Arkansas soybean, cotton, and corn farmer Vonda K. explained:

We need both financial sustainability and sustainability of the land. I would like to have more moisture sensors, to know exactly what’s going on. We have a couple of wells that we can shut off remotely, but I would love to...

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Posted January 6, 2020 by lgonzalez

Originally published in 2017, our report, Cooperatives Fiberize Rural America: A Trusted Model for the Internet Era, focuses on cooperatives as a proven model for deploying fiber optic Internet access across the country, especially in rural areas. An update in the spring of 2019 included additional information about the rate at which co-ops are expanding Internet service. Now we’ve updated the report with a new map and personal stories from areas where co-ops have drastically impacted local life.

Download the updated report [PDF] here.

All versions of the report can be accessed from the Reports Archive for this report.

Some highlights from the third edition of Cooperatives Fiberize Rural America include:

  • More than 110 rural electric co-ops have embarked on fiber optic projects to increase Internet access for their members, a number that is growing rapidly from just a handful in 2012.
  • 31.3 percent of the fiber service available in rural areas is provided by rural cooperatives.
  • Personal anecdotes from Michigan, Virginia, Minnesota, and Missouri residents attest to the far-reaching benefits of cooperatives’ expansion into Internet service.
  • new map shows where rural cooperatives are planning to expand fiber Internet service.

Co-ops have proven that this is a model that works. With increased support from federal and state governments, they will continue to connect rural Americans to economic and educational opportunities otherwise denied to them.

*We discovered an error in our first release of the December 2019 edition of this report, which we have since corrected. We deeply apologize for the mistake and take this very seriously -- these data are challenging to work with but we are committed to accurately reporting broadband statistics.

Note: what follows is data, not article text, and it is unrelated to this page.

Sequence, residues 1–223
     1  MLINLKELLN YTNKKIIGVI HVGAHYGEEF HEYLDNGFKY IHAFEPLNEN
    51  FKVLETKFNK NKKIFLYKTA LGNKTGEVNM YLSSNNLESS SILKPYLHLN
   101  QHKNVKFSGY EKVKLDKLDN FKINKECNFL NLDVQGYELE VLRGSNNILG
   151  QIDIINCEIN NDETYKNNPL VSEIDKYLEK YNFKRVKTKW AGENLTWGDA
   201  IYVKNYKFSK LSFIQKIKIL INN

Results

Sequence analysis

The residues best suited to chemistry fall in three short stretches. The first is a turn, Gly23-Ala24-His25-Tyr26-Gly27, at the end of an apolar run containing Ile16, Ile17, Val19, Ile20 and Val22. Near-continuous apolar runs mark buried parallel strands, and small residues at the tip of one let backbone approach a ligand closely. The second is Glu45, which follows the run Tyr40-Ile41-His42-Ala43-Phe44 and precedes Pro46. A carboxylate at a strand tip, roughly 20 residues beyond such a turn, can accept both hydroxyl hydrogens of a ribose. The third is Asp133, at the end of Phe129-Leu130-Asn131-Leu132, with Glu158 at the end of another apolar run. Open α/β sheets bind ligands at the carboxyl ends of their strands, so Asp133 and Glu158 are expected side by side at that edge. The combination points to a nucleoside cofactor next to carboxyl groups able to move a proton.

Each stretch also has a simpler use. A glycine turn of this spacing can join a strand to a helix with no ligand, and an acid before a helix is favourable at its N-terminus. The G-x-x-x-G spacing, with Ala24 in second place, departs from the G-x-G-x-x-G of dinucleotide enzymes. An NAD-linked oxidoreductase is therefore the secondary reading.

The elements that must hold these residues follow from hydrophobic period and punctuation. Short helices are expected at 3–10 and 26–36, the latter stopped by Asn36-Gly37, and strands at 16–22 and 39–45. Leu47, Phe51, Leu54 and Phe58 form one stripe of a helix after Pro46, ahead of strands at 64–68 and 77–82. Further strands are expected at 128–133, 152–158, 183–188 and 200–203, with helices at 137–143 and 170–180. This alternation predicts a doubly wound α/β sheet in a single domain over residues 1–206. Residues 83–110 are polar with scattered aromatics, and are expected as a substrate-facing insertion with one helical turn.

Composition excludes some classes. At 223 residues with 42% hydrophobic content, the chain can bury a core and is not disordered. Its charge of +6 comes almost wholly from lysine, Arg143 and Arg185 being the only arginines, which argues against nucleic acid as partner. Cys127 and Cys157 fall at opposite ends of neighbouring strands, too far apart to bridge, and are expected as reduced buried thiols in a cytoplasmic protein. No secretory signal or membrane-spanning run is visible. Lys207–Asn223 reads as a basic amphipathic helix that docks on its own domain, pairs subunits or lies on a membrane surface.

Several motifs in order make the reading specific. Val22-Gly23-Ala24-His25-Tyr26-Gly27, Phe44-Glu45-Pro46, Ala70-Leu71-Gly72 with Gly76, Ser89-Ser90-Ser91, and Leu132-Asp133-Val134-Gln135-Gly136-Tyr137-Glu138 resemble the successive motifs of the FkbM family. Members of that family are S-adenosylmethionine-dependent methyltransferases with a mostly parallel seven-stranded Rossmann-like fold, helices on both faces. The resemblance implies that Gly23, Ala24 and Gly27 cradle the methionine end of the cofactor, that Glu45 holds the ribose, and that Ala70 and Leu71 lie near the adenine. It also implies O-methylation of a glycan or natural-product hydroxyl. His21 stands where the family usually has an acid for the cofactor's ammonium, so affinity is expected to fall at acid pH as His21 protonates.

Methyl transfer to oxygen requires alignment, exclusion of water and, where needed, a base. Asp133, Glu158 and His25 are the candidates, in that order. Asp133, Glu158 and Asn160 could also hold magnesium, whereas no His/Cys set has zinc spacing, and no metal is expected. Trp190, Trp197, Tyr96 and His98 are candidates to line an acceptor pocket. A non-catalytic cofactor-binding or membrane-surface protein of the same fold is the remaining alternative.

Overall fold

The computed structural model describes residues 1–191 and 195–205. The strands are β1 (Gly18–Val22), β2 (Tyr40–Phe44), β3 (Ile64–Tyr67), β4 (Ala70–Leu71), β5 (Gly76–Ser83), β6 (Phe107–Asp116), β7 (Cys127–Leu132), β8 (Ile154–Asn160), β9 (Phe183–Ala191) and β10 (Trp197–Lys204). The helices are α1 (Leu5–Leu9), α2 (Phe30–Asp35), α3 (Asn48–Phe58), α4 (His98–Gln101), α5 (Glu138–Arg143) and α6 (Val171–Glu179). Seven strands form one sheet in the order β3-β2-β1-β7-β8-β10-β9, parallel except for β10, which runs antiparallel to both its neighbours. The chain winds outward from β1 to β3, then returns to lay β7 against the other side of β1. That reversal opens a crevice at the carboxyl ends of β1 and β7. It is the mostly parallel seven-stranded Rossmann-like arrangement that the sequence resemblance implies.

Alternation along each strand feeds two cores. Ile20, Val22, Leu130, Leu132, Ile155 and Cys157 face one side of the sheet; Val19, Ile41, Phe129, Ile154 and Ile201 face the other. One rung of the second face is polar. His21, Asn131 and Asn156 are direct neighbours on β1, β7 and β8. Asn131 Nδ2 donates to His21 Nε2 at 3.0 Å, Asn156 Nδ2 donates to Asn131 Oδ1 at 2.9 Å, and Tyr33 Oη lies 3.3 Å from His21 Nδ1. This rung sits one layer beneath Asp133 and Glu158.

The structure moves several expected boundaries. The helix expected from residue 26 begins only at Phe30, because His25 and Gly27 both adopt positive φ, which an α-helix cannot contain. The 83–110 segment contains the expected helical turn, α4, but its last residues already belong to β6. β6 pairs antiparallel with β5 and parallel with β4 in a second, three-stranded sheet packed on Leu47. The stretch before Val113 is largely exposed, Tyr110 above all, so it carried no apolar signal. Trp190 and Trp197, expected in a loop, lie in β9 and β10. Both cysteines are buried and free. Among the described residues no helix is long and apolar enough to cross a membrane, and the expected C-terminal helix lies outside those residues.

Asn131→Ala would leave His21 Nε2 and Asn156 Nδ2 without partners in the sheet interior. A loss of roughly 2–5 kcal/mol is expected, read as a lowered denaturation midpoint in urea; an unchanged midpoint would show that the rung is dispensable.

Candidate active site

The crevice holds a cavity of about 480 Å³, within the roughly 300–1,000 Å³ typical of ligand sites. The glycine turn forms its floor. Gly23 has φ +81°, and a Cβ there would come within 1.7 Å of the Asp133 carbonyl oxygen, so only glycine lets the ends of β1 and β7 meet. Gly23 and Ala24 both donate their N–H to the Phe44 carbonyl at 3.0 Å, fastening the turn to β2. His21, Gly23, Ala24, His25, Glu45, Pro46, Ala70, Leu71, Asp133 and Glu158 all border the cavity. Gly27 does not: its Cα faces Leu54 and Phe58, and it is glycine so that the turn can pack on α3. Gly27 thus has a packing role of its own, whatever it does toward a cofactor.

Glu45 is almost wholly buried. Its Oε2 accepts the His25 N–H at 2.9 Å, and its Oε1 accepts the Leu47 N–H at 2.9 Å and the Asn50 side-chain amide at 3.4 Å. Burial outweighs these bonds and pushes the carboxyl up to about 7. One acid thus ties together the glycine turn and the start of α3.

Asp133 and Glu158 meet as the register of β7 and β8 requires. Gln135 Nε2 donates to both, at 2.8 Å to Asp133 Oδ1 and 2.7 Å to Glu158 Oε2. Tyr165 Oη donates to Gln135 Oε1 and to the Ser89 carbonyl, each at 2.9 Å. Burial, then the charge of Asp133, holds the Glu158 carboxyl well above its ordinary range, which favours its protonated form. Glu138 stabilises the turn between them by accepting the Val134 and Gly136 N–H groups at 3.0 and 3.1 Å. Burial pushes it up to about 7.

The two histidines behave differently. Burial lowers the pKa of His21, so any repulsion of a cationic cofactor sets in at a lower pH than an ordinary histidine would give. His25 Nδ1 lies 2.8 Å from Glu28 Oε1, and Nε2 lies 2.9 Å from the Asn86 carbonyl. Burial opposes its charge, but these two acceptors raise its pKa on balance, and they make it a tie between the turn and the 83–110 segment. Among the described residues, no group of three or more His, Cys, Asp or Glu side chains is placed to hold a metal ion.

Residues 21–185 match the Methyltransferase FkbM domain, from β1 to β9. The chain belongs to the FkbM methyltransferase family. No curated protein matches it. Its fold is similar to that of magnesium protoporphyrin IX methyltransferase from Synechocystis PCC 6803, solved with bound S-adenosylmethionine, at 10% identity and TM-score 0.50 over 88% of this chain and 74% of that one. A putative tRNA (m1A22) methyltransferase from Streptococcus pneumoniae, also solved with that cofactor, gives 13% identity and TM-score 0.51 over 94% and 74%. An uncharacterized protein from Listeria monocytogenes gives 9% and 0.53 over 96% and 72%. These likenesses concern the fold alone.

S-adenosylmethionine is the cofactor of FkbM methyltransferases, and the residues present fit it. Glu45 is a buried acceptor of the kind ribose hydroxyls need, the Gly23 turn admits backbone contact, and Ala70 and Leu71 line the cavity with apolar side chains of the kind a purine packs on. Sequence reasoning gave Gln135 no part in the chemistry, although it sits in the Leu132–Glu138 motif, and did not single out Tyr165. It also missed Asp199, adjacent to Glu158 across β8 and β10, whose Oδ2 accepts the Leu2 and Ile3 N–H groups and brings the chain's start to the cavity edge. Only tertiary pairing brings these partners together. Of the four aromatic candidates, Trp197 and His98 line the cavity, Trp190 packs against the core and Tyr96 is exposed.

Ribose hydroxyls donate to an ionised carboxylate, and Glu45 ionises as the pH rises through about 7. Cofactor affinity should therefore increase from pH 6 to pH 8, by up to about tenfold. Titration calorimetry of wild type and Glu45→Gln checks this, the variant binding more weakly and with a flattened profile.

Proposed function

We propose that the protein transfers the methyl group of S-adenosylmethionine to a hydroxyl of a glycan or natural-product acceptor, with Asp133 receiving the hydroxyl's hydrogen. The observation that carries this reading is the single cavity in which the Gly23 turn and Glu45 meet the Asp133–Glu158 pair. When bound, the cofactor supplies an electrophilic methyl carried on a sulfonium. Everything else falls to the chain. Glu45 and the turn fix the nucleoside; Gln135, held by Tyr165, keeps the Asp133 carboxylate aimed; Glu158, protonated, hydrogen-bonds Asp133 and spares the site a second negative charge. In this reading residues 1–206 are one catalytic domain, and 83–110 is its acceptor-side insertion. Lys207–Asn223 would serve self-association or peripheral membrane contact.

The correct statistic is that cooperatives provide 31 percent of all...

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Posted December 17, 2019 by Jess Del Fiacco

Originally published in 2017, our report, Cooperatives Fiberize Rural America: A Trusted Model for the Internet Era, focuses on cooperatives as a proven model for deploying fiber optic Internet access across the country, especially in rural areas. An update in the spring of 2019 included additional information about the rate at which co-ops are expanding Internet service. Now we’ve updated the report with a new map and personal stories from areas where co-ops have drastically impacted local life.

Download the updated report [PDF] here.

All versions of the report can be accessed from the Reports Archive for this report.

Some highlights from the third edition of Cooperatives Fiberize Rural America include:

  • More than 110 rural electric co-ops have embarked on fiber optic projects to increase Internet access for their members, a number that is growing rapidly from just a handful in 2012.
  • 31.3 percent of the fiber service available in rural areas is provided by rural cooperatives.
  • Personal anecdotes from Michigan, Virginia, Minnesota, and Missouri residents attest to the far-reaching benefits of cooperatives’ expansion into Internet service.
  • A new map shows where rural cooperatives are planning to expand fiber Internet service.

Co-ops have proven that this is a model that works. With increased support from federal and state governments, they will continue to connect rural Americans to economic and educational opportunities otherwise denied to them. 

Read Cooperatives Fiberize Rural America: A Trusted Model For The Internet Era [PDF] here.